It’s difficult to make sense of families, sometimes. You grow up thinking that you know people completely because they are always present. They seem so familiar that you never quite see what is glaringly obvious, in hindsight.
This is my dilemma: I have three grandsons; the oldest is 16, soon to be 17, and it seems the relationship I had with him has faded. How many of you find that as your grandchildren have gotten older there seems to be a disconnect?
This story is about my new YouTube series and how it all started.
She awoke in a hospital bed. This was not something that she was unaccustomed too. Cornelia Springer had spent much of her life in hospitals later in her life. Whether for surgery or doctor's appointments, her dementia or her diabetes, by this time, Cornelia Springer was used to hospitals. The room was sterilized, thus smelling of nothing much, if anything, antibiotics or alcohol. The room was cold, as it often was in hospitals to kill the germs, but thankfully, the bed sheets kept her warm. Faint steps outside the door passed her ears. A rustling near her caught her attention. It was Angela, her niece and caretaker.
“Ya want it, take it now!” she said, about the white cat I admire.
Yesterday marked the 12th year since you and your sister, Netty, left this Earth and gave your energy back to universe.
On September 9, 2018, a beautiful spirit by the name of Kyrzayda Rodriguez lost her battle with stage four stomach cancer. I did not know her personally, but her strength and transparency were extremely contagious. She was determined to be open and honest about the stages, changes, and realities of her diagnosis. She encouraged many to keep going no matter how grim the outlook was, and that even though you may be feeling your worst, you can still look your best. She decided to stop receiving treatment, and shared that with her followers on Instagram on August 9, 2018. She fought until the very end, leaving a beautiful, compassionate message to never give up on yourself and your dreams. What I got from her is that it is never too late to start, but you must begin too.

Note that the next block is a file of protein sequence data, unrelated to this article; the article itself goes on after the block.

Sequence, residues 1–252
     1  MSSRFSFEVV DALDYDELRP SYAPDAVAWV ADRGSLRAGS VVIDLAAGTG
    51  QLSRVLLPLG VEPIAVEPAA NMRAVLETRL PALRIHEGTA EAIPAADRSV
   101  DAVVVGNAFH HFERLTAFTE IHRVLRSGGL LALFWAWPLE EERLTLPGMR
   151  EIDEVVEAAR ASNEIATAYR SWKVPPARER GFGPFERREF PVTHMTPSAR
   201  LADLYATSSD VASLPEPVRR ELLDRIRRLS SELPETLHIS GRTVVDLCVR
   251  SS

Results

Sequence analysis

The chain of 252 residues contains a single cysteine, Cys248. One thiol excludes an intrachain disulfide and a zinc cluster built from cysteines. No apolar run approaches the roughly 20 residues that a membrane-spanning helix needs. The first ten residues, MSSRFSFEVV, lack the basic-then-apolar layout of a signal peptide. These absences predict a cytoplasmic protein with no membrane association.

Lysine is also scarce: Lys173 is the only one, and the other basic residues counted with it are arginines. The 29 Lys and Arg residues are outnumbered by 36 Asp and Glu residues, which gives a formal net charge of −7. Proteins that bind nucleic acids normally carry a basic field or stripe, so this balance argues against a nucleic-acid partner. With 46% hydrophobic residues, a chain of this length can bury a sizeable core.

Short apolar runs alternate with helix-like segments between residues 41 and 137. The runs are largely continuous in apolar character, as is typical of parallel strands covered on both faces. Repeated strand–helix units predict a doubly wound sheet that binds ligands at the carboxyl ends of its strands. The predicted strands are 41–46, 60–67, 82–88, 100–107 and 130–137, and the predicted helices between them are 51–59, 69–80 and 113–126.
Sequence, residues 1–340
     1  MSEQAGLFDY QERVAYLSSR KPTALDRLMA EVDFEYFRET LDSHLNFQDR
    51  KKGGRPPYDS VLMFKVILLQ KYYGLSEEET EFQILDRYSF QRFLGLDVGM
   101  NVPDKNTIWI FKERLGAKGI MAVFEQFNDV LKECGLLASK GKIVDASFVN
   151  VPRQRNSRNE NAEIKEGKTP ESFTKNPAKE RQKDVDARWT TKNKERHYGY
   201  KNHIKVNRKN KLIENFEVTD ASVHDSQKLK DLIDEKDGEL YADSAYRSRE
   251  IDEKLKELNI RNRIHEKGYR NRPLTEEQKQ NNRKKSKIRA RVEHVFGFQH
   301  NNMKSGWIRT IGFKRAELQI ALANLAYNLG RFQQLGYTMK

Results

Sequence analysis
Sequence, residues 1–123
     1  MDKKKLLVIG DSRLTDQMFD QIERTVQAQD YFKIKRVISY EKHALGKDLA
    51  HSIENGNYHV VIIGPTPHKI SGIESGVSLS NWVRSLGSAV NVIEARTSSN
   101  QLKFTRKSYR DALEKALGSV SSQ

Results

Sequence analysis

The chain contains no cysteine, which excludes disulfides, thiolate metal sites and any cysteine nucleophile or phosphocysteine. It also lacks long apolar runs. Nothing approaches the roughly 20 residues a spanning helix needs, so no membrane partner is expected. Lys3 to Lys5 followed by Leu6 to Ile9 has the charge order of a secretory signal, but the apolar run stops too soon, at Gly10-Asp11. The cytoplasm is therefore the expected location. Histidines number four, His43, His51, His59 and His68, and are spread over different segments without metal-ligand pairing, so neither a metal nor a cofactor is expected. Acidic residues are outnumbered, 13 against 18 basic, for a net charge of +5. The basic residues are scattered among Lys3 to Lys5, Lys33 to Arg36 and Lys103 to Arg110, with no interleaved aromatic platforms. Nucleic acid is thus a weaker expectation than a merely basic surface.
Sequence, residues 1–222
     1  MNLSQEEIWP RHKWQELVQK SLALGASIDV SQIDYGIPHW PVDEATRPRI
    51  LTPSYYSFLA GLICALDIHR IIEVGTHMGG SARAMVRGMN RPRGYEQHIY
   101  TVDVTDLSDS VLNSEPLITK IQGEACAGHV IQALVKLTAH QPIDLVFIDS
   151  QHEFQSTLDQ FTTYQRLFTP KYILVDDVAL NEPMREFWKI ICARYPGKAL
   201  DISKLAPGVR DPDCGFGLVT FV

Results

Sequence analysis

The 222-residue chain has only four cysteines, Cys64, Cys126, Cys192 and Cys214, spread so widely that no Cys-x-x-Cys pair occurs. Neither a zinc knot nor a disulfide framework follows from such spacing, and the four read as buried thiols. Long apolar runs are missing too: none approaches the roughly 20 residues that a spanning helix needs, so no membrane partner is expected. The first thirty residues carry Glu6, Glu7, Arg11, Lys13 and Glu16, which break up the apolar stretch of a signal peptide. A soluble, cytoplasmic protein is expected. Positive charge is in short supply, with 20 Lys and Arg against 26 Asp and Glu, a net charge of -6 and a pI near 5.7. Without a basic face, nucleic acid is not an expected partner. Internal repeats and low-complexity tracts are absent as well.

Being a grandma—you would think it would be a piece of cake, a walk in the park—I mean, after all, we have already raised our children. That is how we were crowned with the coveted title of "Grandma."
It’s 5 AM and I’m wide awake with so much on my mind. I woke up at 3:30... after drinking water and using the restroom, I laid back down expecting sleep to come but instead I was given the desire to write. I want to open up my heart. In order to do that I must first listen and then follow my omens. I must write letters to apologize and also share what lies deepest in my heart. ❤️
Well it’s been over a year since my little family became official, and I am amazed at how much things have changed. I am still not sure I can do this on a few days, but there are a lot more days that have me stunned at how blessed I really am. Those blessing have come with lessons—some painful, some joyous.
The first day I realized that the world truly doesn’t stop for anyone was the day my grandmother died. Growing up in the booming (but dangerous) automotive state of Michigan in the 60s, she learned to be strong and confident at a young age. When I knew her, she was a very self-possessed woman—she knew exactly what she wanted. She was not a prodigy by any stretch of imagination, but one may think she were one of some sort by the way she constantly carried herself. Yet, here I was, an awkward 11-year-old suffering from one of the biggest losses anyone can deal with in life.